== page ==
As an author you have NO say into what happens to your movie. None at all. If you are a good negotiator I know some who have wrangled the right to write the first screenplay (the first not the final). A few have gotten more than that, but that is not the norm.

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  7. Virginia, thanks for the interesting article, and Angelia, thanks for the explanation of adaptation. I've listened to some directors on NPR going into some detail on why they changed certain things in the movies they adapted from books, so I do hear where they're coming from.

    As to the Percy Jackson, a friend who is a big friend of the series saw the movie and was quite disappointed. After listening to him, I went out and read the whole series and enjoyed it very much, but he left me with no desire to see the film.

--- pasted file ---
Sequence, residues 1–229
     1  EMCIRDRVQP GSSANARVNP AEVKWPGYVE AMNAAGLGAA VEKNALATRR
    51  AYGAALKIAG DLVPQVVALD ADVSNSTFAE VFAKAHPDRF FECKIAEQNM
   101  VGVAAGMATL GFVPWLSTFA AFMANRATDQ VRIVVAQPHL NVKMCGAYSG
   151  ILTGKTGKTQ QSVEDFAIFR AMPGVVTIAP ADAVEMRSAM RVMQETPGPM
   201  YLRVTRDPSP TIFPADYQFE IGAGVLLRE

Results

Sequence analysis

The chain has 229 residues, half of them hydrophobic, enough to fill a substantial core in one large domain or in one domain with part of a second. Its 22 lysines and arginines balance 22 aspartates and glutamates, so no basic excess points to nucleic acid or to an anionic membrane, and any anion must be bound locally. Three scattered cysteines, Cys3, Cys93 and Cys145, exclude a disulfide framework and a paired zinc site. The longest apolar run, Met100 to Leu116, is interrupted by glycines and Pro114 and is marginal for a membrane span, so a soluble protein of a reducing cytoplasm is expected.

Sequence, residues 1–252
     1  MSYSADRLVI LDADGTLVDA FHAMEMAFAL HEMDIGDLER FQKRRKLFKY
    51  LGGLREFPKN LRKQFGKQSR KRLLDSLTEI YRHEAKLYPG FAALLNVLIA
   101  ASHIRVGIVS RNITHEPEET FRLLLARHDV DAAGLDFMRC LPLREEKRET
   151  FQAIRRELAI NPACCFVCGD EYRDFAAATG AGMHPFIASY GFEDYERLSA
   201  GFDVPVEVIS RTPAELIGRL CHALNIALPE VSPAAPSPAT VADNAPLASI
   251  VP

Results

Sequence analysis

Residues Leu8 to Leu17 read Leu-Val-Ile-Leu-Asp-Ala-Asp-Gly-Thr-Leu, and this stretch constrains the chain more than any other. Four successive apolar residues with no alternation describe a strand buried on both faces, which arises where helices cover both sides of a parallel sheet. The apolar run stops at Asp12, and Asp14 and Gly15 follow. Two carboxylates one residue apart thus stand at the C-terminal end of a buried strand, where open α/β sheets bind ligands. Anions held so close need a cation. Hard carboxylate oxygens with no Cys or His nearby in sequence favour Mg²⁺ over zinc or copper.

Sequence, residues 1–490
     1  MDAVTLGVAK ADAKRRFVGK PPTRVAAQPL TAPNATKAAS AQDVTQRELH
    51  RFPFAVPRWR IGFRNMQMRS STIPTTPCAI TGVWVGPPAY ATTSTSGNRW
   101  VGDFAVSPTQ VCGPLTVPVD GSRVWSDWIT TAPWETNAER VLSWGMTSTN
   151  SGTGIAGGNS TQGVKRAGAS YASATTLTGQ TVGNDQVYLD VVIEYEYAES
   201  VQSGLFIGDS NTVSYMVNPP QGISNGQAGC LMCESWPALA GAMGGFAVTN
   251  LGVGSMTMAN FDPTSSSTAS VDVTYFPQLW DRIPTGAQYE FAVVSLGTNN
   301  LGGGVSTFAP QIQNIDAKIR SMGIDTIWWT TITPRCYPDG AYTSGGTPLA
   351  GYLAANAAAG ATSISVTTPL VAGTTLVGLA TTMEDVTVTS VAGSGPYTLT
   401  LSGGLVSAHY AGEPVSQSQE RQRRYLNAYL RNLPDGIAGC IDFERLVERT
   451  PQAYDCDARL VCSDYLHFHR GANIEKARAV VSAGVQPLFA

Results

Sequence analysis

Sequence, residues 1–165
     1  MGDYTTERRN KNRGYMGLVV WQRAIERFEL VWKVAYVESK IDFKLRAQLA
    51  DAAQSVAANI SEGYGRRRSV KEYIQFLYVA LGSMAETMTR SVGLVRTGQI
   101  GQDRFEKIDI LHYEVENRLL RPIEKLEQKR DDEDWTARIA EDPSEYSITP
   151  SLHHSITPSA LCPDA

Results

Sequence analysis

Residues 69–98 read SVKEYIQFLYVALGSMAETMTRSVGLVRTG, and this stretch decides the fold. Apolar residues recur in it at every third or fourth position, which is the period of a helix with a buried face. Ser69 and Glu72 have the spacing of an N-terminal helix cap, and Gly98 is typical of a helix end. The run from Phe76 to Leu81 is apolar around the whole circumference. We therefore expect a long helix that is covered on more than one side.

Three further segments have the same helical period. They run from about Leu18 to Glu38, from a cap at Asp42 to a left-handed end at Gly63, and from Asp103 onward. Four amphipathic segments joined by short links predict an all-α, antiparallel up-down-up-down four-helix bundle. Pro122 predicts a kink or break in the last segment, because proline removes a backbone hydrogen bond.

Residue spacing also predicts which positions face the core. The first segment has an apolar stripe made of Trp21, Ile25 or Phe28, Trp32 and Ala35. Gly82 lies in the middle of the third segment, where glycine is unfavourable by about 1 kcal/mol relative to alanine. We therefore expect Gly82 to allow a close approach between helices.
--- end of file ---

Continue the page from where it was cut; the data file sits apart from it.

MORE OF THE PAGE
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  8. Thanks Angelia for sharing. This was really helpful to me in understanding a bit more why this happens with books being made into movies. I did know about buying the title rights.

    I have found everyone's comments insightful and very interesting. It is nice to know I'm not the only writing wondering why this happens.